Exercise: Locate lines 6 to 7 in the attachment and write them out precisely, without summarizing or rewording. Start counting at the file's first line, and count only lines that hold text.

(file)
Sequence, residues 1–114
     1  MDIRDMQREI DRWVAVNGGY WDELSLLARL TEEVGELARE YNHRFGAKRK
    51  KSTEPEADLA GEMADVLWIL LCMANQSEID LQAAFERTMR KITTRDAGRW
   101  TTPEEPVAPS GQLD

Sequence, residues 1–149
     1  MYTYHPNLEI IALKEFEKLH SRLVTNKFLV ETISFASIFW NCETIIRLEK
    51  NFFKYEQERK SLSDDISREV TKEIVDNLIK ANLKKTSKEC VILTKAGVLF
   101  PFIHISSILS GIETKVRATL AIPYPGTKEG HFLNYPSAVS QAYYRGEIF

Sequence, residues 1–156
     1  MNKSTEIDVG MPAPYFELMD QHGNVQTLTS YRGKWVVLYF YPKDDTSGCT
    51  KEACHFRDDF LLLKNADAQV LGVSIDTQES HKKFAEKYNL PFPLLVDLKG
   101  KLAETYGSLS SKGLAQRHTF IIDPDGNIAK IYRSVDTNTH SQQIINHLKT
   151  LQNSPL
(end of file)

     1  MYTYHPNLEI IALKEFEKLH SRLVTNKFLV ETISFASIFW NCETIIRLEK
    51  NFFKYEQERK SLSDDISREV TKEIVDNLIK ANLKKTSKEC VILTKAGVLF